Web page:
Vietnam immediately captivates travelers with its rich heritage and striking natural beauty. Bordered by mountains and the South China Sea on the west, with the deltas of the Red River and the Mekong set towards the country’s North and South ends, Vietnam’s diverse landscape encompasses white-sand beaches, enchanting rice paddies, and lush jungles.
During your Vietnam Tours, here are some of the most beautiful towns you need to see in this fascinating country.
1. Hoi An
Hoi An is a UNESCO World Heritage Site and one of Vietnam’s most important tourist destinations. With wonderful cuisine, intriguing history, and irresistible charm, Hoi An best matches many travelers’ ideal visions of Vietnam. A major port between the 16th and 18th centuries, the town owes its beauty to a unique combination of Chinese, Japanese, and European influences. Small enough to explore on foot, Hoi An’s lantern-lit streets are dotted with Chinese temples, lively food markets, and wooden-fronted shophouses. Galleries selling local artwork and laid-back open-air cafes add a charming, bohemian element.
2. Bac Ha
Bac Ha is truly a destination of adventure and hill tribe markets. The region is really famed for its beautiful rugged mountain range, exotic cultures and green development. This quiet town comes to life on Sundays when ethnic-minority villagers such as the Dao, Flower H’mong, Tay, Nung, and Giay, come to the town for its bustling market. Everything from textiles and handbags to livestock is bought, sold, and traded. On many days, Flower H’mong singers perform captivating songs to entertain people.
3. Da Lat
Da lat, known as “Le Petit Paris” or “the Eternal Spring City”, is the jewel of the Central Highlands in a temperate region dotted with lakes, waterfalls, forests and gardens, 300 km north of Ho Chi Minh City. The cool climate and the serene mountain scenery make Dalat a good option for escaping the heat of South Vietnam as well as the most popular honeymoon spot.
This quaint town was once a favorite retreat of Vietnamese emperors and French colonials eager to escape the country’s summer heat. These European influences are still noticeable in the French colonial architecture found in the town’s central area, where the streets are lined with red-roofed stone buildings. With lovely churches, markets, winding streets, and colorful gardens, the town is a wonderful place for strolling. The surrounding area offers lakes, forests, and waterfalls, perfect for trekking, biking, and rock-climbing.
Sapa is one of northern Vietnam’s most well-known tourist destinations. The town overlooks a beguiling scene of mountains and rice terraces, often shrouded in mist. It’s a popular base for trekking in the Hoang Lien Son Mountains, as well as for exploring rice paddies and minority villages. Sapa has been a gathering place for local hill tribes for hundreds of years. Although the increasing number of tourists visiting the town’s market has altered the atmosphere somewhat, hill-tribe people still come here to sell handicrafts and traditional clothing.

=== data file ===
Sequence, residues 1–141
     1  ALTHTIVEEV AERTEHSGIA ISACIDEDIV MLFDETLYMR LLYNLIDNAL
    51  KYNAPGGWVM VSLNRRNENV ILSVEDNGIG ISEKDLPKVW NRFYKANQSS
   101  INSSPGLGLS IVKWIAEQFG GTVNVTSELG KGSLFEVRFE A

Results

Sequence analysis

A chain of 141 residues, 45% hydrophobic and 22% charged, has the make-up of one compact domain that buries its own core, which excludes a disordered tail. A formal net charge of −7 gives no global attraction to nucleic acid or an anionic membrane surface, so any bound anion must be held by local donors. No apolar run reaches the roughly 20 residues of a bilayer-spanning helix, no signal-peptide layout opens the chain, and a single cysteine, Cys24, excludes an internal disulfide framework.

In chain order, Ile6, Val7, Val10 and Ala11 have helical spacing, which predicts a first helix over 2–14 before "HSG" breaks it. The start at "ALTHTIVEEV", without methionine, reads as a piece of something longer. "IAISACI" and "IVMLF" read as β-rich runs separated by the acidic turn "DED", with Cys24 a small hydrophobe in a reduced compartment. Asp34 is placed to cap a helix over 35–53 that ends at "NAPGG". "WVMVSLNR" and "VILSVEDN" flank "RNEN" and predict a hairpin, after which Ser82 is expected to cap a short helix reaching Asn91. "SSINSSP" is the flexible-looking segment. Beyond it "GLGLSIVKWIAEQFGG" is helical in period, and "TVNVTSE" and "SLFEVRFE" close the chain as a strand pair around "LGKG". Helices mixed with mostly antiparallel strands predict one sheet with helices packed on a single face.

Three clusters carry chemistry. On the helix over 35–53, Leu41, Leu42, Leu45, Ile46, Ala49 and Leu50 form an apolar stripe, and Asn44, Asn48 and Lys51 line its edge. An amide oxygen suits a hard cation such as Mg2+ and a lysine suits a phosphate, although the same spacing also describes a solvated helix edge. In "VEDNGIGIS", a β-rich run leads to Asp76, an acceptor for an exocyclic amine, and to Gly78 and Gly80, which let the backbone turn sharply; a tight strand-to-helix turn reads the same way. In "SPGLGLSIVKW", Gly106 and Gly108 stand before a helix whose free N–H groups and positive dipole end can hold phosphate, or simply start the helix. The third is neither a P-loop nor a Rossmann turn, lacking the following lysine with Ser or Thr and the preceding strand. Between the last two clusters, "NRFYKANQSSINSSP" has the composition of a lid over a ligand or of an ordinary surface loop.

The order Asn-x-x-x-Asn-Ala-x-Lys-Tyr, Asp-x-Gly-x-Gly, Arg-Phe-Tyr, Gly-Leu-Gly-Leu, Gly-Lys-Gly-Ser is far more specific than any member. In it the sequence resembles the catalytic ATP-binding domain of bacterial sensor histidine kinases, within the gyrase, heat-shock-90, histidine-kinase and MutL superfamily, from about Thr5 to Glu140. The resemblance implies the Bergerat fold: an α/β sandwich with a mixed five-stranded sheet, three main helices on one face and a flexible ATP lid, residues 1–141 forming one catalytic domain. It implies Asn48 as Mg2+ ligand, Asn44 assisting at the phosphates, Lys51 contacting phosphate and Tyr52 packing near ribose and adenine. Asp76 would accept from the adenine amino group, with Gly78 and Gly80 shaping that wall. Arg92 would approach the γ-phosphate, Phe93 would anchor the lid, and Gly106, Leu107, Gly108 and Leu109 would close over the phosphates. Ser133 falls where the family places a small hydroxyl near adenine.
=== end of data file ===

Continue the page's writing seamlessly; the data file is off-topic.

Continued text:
Situated on the Perfume River in central Vietnam, Hue was the imperial capital of the country during the Nguyen dynasty from 1802-1945. The complex of Hue monuments earned UNESCO recognition as a World Heritage site in 1993 and has been undergoing extensive renovations since then.
In the heart of the city is the formidable Citadel including the royal Forbidden City, an elegant complex of residential buildings, temples that was the home of the Nguyen dynasty rulers. No trip to Hue would be complete without a boat trip down the Perfume River to see the royal tombs of emperors To Duc, Khai Dinh and Ming Mang as well as the iconic Thien Mu Pagoda.
In addition to its historical attractions, Hue is known for its unique cuisine, combining dishes created for the former imperial court with a wide variety of street food, which is often fairly spicy. Hue is also famous for its high quality embroidery and silks, and a tailor made ao dai, the traditional long dress of Vietnam, is a popular souvenir for many tourists.
6. Nha Trang
Nha Trang lies in a beautiful bay on the south central coast of Vietnam and has rapidly developed into a bustling destination for sun and fun. With white sandy beaches as well as nearby islands with clear turquoise waters, Nha Trang is also known as one of the best places in Vietnam for excellent fishing, snorkeling and scuba diving. The coastal city of Nha Trang in central Vietnam features seven kilometres of white sandy beach, sometimes referred to as the “Vietnamese Riviera,” which has often been listed among the most beautiful beaches in the world. In addition to its stunning beaches, the islands, mountains and delicious local seafood make Nha Trang one of the most popular resort areas in Vietnam for locals and visitors alike.
7. Vung Tau
Vung Tau is an favorite getaway from the noisy and populous city of Ho Chi Minh City. Located 120 kilometers south of Ho Chi Minh City, the town is a popular destination for locals and expats looking to escape the city. Set in a gorgeous location on a peninsula, with ocean on three sides, the town is pleasantly scruffy with wide boulevards and grand colonial-era buildings. The boardwalk along Bai Sau, along known as Back Beach, is attractively lined with seafood restaurants and shops. The town has a fairly large population of Christians, accounting for the unusual statue of Jesus set towards the north, a smaller version of Rio de Janeiro’s Christ the Redeemer.
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